Speaking to Dan Crowe and Jack Watts for the new issue of TTTism Magazine, Bone reveals the story behind his first tattoo and reflects on the art form’s past, present and future
George Bone has been tattooing at his shop, Den of Skulls, in Hanwell, West London since 1973. He can turn his hand to all styles, but chooses to specialise in large scale Japanese pieces. Not only does George embody the history of London tattooing; he is at the forefront of its future. It’s one thing to know somebody that’s been in the trade for as long as he has, but another thing completely to encounter someone that’s still so in love with tattooing after all of these years. The mystique and allure of what tattoo shops used to be is held inside the walls of Den of Skulls – it’s indescribable; the only way to truly understand it is to go there yourself. We feel extremely lucky to consider George a huge influence and inspiration as well as a dear friend.
What was your first tattoo? Who did it and can you describe the experience?
My first tattoo was done by Cash Cooper in Piccadilly Circus. Cash did it in the basement of the arcade, next to the shooting gallery in a tiny little corner – like a cave solid with designs, all smoky, dirty, and rotten.
When I was 15, I got a job in a factory. A guy that worked there had a bird on his hand; he told me Cash had done it and gave me the address. I left Saturday morning, got there at 10am to find a que already formed outside. Cash would do two tattoos, go out, and come back to do another two before leaving again. I realised later that he was doing enough tattoos to buy a bottle of booze and then he’d drink that until he’d done another two. I finally got tattooed at 10:00 at night, after a 12-hour wait. I asked for a bouquet of flowers and a swallow with ‘mum and dad’ written. He changed the bouquet of flowers to a rose and before I knew it, the tattoo was done. Cash would do the outline and then another guy would fill it in. When I got home that night, I showed my mum and dad and luckily they didn’t seem to mind. I always say, it’s my mum’s fault that I got into it. When I was really young, I saw pictures of Japanese tattoos in a magazine called Tit Bits. I told my mum that I was going to get a tattoo when I was 40. I only waited until I was 15.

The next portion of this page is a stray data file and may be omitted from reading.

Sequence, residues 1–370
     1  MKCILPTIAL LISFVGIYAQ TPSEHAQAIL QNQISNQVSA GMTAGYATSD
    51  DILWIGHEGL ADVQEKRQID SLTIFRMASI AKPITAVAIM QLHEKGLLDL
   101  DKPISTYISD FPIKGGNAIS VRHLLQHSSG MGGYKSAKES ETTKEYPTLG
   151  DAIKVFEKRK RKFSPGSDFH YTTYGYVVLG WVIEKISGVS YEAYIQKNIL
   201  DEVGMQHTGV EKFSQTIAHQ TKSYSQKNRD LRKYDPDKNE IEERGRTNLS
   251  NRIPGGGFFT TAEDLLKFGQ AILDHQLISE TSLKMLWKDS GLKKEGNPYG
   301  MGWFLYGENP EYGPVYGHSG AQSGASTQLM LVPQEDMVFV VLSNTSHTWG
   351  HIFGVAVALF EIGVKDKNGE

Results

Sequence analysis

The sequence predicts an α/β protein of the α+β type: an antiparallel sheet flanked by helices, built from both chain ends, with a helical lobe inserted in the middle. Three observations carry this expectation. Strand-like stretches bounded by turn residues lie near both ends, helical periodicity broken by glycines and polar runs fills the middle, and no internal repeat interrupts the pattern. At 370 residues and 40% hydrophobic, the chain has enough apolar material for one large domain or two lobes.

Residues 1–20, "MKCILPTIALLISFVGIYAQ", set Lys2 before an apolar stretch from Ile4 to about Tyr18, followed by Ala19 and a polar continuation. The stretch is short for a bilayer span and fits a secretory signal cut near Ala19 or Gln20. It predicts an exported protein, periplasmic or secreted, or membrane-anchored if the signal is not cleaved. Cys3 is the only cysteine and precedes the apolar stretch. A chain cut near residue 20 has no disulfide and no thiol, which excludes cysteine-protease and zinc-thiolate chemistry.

Once you’ve had one done you get the bug. I’d heard of Jack Zeek and I went to see him. I got a skull, a snake, and later went back to Cash Cooper a few more times. He was always drunk. He had a bucket on the floor for piss and a bucket next to it filled with drinking water. There’s a story that he had some sailor come in once who fainted. Cash Cooper offered him a drink of water but the sailor took a drink from the wrong bucket!
One of the last times I got tattooed by Cash, I paid 35 bob for a pinup: she had a red dress with her legs showing. When it was done, I realised that part of the hair was black and part of it was red and that she had an extra knee on her shin. I went back to have it sorted the following Monday. I told him, ‘She’s got two different colours there [which is fashionable now, ha!] and an extra knee.’ Cash responded, ‘That’s not my work boy. I can put it right but it’ll cost you 35 bob.’
We became quite good friends. Me and my wife Pat used to go for tea with his mum. He moved from the arcade to a little handbag shop in Soho and by then I was going to Jack Zeek a lot.
How did you start tattooing? Who inspired you?
I started when I was 16 years old. I saw an advert for a tattoo machine in Aylesbury. The owner was a weird old boy; his front room covered with old designs, he showed me these tattoo machines made of wood. I bought one off of him and started tattooing myself in my bedroom using any tips I’d picked up watching Cash and Jack tattoo me. My dad made me a little bench and my bedroom soon looked like a tattoo shop.
At that point, I was going to Rich Mingins in Harlesden a lot – he was the best in London. He tattooed in a little back room on a table by the window. I’ll never forget the album he had, full of lovely designs. Rich was a chain smoker – as he’d get to the end of one cigarette he’d light another one straight away. He was also a very quiet man – wouldn’t say a word, but I was spying on him all the time trying to pick up tips on how he worked. I never told him I tattooed but one time I went in there and he asked, ‘How’s your business then?’ So it turns out he knew all along. He died when he was 52 from lung cancer and his wife asked me if I wanted to buy all of his equipment. I couldn’t – at that time I was skint – but he had a big power pack, an ex-army one, so I bought that.